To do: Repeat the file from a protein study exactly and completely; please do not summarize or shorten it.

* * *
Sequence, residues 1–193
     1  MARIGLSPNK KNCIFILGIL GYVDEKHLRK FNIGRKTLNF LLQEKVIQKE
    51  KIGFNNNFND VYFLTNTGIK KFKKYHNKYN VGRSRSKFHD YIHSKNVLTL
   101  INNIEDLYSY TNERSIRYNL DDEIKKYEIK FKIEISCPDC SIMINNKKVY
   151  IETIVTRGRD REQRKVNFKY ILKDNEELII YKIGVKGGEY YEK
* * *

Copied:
Sequence, residues 1–193
     1  MARIGLSPNK KNCIFILGIL GYVDEKHLRK FNIGRKTLNF LLQEKVIQKE
    51  KIGFNNNFND VYFLTNTGIK KFKKYHNKYN VGRSRSKFHD YIHSKNVLTL
   101  INNIEDLYSY TNERSIRYNL DDEIKKYEIK FKIEISCPDC SIMINNKKVY
   151  IETIVTRGRD REQRKVNFKY ILKDNEELII YKIGVKGGEY YEK